Like many people, Marcelo Delsastre, a pilot and flight crew instructor based just outside of Buenos Aires, Argentina, spent most of last year stuck at home telecommuting. But he was also going above and beyond to get himself — and the rest of us — back in the air.

Delsastre, 64, says he never could have guessed that at the end of January 2020, the height of Argentina’s summer travel season, he’d be trading in the airport for Zoom. By the time his vacations were over, however, Argentina had joined much of the rest of the world and locked down to prevent the spread of the coronavirus.

He and his wife, María Alicia, were happy to stay home and take all necessary precautions. But acceptance of the government’s measures was not universal.

“We saw a lot of anger around the world, people protesting,” Delsastre tells AeroTime. “Here, there was a very strong movement that was against the use of the masks. But what do we gain by complaining? My wife and I thought [volunteering for a trial] was a good way we could help. There was a lot of anger and frustration towards the authorities but nobody was doing anything about it.”

When the couple first heard about a clinical trial for a COVID vaccine last year, Argentina was in its first wave of infections. The pair received their two doses in August and September of 2020, Delsastre says. The country’s case rate had taken off at the beginning of Argentina’s winter, in June, and peaked for the first time in October 2020, according to World Health Organization data.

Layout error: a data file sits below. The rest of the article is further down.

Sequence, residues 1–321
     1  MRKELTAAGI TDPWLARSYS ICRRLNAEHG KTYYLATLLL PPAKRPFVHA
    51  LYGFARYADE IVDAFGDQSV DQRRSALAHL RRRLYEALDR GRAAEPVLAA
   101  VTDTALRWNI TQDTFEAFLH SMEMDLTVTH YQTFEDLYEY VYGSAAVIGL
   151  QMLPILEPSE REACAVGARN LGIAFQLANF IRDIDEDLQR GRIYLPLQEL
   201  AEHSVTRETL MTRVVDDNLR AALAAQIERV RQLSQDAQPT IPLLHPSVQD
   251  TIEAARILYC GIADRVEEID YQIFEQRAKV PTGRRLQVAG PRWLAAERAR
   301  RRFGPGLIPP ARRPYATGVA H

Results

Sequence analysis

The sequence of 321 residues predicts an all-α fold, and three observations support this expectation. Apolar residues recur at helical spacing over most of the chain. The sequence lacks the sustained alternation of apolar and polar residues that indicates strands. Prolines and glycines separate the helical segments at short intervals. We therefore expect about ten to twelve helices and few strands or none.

The trial they participated in was a double-blind trial, organized by the government and run out of a military hospital in Buenos Aires. They were picked up at home and brought to the site, first for their shots and then for periodic blood tests, which continue to this day, tracking their antibodies and checking for any new infections.

They were also given mobile phones with an app to track their temperatures on a daily basis and report any potential COVID symptoms, as well as visits to the doctor to rule out any side effects from the vaccines themselves, Delsastre explains. If they marked something down in the app, a doctor working on the trial would call and collect more information. But the results of the regular blood tests weren’t shared with the couple, nor was whether they received actual shots of the vaccine or a placebo.

 “The truth is we chose not to wonder if we had received the vaccine or not,” Delsastre says when asked if he felt relief about potentially being vaccinated earlier than most. “We maintained the precautions and continued as if it hadn’t happened.”  

That was probably for the best. Delsastre later found out that he had been given the placebo, and his wife had received two shots of the Pfizer-BioNTech vaccine.

In February, when Delsastre was informed that he’d been in the control group, he was given two shots of Pfizer as well. By then, studies showed that the vaccine was safe and effective, and for ethical reasons all participants were offered the vaccine.